To view original article click here
By: Kevin Lewis
Posted: Wed 8:46 PM, Jun 06, 2012
The stakes have been raised in the murder case of a young man from Pipestone Township Mich.
On Jan. 24, Berrien County Sheriff’s Department deputies found David Quinn Jr., 21, shot to death inside a home along the 5400-block of Shanghai Road. Within 24-hours, investigators arrested Quinn’s girlfriend, Destiny Coulson, 16, on charges of Second Degree Murder and Felony Firearm Possession.
Until now, Coulson’s case has been handled in the Berrien County Juvenile Court. However, a hearing Wednesday morning sought to change that.
Following an ethically driven “six-point test,” Judge Thomas Nelson said the court and public would together benefit from Coulson being tried as an adult.
Furthermore, Judge Nelson said David Quinn Jr. died in a “clearly preventable” way and stated because Coulson chose to live like an adult, she should now be treated like one.
Despite the severity of the hearing, Coulson, who’s since turned 17, appeared to be in a mental haze; keeping her eyes shut and her hands clasped for 75 minutes straight.
The Berrien County Prosecutor’s Office first called Jeanie Ernsberger, a ten-year veteran of the juvenile justice center, to the stand.
“Do you think Destiny Coulson should be waived to adult court,” Assistant Prosecuting Attorney Russell Szwabowski asked. “Correct,” Ernberger replied.
Ernsberger also made mention of Coulson’s checkered-past while she was a student at Eau Claire Middle School, where she dropped-out in the eighth grade.
According to education records entered in court, Coulson never re-enrolled in school or sought employment in the general workforce. Instead, the prosecution said the troubled teen began using drugs and alcohol while collecting mental disability payments and living with Quinn Jr. at the home where the homicide later occurred.
“She had a lot of problems with voices and just things she just kept saying were talking to her,” Coulson’s mother Tara Paulk recalled on the stand.
Medical documents obtained by the court indicate Coulson sought psychiatric treatment and was prescribed Celexa, a drug commonly used to treat depression. However, Coulson stopped taking the pills because she, “didn’t like how the drugs made her feel.”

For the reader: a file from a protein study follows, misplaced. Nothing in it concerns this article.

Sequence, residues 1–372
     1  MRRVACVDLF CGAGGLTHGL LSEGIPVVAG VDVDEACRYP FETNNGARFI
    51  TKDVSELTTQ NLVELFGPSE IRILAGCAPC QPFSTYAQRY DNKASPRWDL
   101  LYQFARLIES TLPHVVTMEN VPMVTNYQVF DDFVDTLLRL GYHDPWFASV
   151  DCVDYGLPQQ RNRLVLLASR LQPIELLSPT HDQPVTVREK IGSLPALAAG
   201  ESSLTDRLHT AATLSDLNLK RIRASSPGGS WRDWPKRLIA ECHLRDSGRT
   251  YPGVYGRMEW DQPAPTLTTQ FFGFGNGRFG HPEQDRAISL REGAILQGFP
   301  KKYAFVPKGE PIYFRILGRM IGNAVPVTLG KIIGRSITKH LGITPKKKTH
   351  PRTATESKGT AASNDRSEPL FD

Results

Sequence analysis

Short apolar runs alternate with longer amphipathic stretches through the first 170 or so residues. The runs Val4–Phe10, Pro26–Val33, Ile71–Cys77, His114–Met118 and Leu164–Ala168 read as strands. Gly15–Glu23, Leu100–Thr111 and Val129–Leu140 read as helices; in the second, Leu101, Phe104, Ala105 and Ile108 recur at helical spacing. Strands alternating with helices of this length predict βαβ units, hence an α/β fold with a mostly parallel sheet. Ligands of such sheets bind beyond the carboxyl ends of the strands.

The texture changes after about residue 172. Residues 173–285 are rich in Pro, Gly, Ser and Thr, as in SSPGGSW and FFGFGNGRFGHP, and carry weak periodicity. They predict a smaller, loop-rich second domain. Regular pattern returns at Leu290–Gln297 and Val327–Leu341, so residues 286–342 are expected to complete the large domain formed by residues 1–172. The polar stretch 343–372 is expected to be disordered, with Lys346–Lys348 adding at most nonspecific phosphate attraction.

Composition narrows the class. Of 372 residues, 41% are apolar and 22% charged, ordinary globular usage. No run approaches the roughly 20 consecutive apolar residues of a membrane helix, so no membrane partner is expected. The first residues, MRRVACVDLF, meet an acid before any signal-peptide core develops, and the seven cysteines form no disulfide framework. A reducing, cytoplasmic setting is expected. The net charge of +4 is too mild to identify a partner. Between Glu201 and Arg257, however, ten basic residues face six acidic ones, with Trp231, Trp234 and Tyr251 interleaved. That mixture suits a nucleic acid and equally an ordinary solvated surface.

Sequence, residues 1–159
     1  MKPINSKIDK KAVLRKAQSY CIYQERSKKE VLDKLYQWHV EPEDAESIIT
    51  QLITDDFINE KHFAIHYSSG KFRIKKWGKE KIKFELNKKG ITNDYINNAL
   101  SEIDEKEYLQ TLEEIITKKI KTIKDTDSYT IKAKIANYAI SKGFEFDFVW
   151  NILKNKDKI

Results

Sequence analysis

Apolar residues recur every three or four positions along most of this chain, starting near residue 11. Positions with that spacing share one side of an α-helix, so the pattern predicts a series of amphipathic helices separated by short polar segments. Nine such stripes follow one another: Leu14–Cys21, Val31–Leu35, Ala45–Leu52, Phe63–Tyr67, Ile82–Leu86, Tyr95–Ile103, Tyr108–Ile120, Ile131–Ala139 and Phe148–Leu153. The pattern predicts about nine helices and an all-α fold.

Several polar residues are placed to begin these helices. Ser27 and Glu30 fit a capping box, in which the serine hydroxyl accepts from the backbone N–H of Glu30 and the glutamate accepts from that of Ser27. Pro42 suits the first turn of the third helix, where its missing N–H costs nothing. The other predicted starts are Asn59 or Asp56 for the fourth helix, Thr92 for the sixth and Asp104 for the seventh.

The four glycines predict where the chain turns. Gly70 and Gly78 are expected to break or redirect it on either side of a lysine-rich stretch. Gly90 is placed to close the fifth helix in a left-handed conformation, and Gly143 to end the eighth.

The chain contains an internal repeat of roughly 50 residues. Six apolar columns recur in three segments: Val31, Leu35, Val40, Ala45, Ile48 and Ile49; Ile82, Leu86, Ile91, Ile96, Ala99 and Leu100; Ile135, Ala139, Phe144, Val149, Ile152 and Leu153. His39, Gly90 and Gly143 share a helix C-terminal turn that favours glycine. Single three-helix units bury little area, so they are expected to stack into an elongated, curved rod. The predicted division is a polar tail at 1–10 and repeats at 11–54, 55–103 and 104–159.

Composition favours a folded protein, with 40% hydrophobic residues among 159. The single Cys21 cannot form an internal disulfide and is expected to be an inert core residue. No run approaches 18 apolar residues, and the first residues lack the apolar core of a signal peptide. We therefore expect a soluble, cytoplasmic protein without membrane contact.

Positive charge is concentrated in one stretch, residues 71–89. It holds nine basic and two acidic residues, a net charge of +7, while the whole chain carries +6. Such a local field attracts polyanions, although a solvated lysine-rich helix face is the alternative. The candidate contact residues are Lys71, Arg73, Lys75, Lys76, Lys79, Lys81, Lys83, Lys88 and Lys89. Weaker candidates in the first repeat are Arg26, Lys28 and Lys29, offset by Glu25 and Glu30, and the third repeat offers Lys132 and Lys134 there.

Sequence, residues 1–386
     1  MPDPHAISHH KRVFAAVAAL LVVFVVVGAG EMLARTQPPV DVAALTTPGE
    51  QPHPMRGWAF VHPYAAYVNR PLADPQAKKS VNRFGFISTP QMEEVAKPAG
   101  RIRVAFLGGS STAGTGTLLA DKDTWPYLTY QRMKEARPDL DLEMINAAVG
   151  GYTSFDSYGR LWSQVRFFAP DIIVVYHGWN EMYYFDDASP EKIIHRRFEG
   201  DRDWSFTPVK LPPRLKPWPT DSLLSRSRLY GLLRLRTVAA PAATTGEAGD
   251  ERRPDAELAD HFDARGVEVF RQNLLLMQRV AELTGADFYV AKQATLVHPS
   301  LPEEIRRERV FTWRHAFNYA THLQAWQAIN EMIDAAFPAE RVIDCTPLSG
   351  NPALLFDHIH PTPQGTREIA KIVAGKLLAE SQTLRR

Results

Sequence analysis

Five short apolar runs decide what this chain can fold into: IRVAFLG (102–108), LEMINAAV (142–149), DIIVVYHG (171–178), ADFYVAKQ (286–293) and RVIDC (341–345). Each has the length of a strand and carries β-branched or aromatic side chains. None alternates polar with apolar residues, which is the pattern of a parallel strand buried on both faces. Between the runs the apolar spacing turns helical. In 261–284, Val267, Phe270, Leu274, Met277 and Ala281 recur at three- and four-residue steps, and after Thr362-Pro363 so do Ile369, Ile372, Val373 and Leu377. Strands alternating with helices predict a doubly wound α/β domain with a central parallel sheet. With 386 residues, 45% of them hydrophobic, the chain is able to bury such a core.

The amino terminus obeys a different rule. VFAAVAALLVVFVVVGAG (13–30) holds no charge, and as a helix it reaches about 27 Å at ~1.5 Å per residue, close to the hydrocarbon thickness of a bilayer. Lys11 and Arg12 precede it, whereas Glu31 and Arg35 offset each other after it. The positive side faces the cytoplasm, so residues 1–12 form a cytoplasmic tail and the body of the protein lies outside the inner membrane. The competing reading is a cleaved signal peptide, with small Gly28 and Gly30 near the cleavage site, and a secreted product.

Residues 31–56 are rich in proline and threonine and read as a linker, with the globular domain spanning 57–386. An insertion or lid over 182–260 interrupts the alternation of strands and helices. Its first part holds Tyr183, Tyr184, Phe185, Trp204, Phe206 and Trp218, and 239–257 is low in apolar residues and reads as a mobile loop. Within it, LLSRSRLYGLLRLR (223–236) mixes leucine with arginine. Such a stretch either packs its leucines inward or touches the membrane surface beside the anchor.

“It’s shameful the lack of follow-through that Destiny, and particularly the family had which led us to the path where we are here today,” Judge Nelson remarked.
Tears could be seen coming from the eyes of Quinn’s family members gathered in the courtroom, none more than when his own father took the stand.
“What has his loss meant to you and his mother,” Szwabowski asked David Quinn. It’s pretty much devastated our family. I’d like to see justice and I believe that justice would be detaining her for long enough that she couldn’t do this to someone else,” Quinn said emotionally.
“This punishment hopefully will send a message and serve as a deterrent to other young people who could go down the same path or whose family would allow them to go down the same path that ran here today,” Judge Nelson concluded before issuing his official ruling.
Following court, NewsCenter 16 asked both families for a statement.
David Quinn said he was pleased with the ruling, but didn’t want to comment further. The mood was much different for Tara Paulk who began cursing and making threats toward the NewsCenter 16 news crew while in the courthouse parking lot.
“Get the f**k away from me and my car. Who the f**k do you think you are,” Paulk said before making physical advances and issuing threats.
Coulson will be transferred from the Juvenile Center to the Berrien County Jail on a $500,000 bond in the days ahead. Her next court hearing is scheduled for June 15 at 8:30 a.m. While Coulson, who entered a not guilty plea won’t be in attendance, her attorney will as the court begins to set the stage for an adult trial.